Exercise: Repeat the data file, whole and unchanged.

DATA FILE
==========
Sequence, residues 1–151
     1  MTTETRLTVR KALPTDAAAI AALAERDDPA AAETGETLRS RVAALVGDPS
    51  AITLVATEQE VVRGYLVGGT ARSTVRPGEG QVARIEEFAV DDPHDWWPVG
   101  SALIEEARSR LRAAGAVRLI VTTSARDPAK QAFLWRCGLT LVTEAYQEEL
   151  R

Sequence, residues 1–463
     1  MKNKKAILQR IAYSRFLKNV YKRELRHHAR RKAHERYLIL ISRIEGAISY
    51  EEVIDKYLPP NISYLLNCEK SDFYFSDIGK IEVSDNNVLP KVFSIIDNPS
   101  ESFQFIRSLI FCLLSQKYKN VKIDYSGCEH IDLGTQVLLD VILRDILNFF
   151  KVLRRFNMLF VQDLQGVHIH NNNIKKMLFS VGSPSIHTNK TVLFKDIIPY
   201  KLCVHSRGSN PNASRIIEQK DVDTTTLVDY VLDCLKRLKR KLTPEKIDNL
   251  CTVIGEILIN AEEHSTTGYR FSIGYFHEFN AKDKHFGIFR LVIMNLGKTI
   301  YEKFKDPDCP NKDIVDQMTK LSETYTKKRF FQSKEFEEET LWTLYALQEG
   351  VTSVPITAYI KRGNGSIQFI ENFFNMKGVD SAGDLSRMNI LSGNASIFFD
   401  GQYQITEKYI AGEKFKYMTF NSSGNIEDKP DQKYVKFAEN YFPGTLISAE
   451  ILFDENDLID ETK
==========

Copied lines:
Sequence, residues 1–151
     1  MTTETRLTVR KALPTDAAAI AALAERDDPA AAETGETLRS RVAALVGDPS
    51  AITLVATEQE VVRGYLVGGT ARSTVRPGEG QVARIEEFAV DDPHDWWPVG
   101  SALIEEARSR LRAAGAVRLI VTTSARDPAK QAFLWRCGLT LVTEAYQEEL
   151  R

Sequence, residues 1–463
     1  MKNKKAILQR IAYSRFLKNV YKRELRHHAR RKAHERYLIL ISRIEGAISY
    51  EEVIDKYLPP NISYLLNCEK SDFYFSDIGK IEVSDNNVLP KVFSIIDNPS
   101  ESFQFIRSLI FCLLSQKYKN VKIDYSGCEH IDLGTQVLLD VILRDILNFF
   151  KVLRRFNMLF VQDLQGVHIH NNNIKKMLFS VGSPSIHTNK TVLFKDIIPY
   201  KLCVHSRGSN PNASRIIEQK DVDTTTLVDY VLDCLKRLKR KLTPEKIDNL
   251  CTVIGEILIN AEEHSTTGYR FSIGYFHEFN AKDKHFGIFR LVIMNLGKTI
   301  YEKFKDPDCP NKDIVDQMTK LSETYTKKRF FQSKEFEEET LWTLYALQEG
   351  VTSVPITAYI KRGNGSIQFI ENFFNMKGVD SAGDLSRMNI LSGNASIFFD
   401  GQYQITEKYI AGEKFKYMTF NSSGNIEDKP DQKYVKFAEN YFPGTLISAE
   451  ILFDENDLID ETK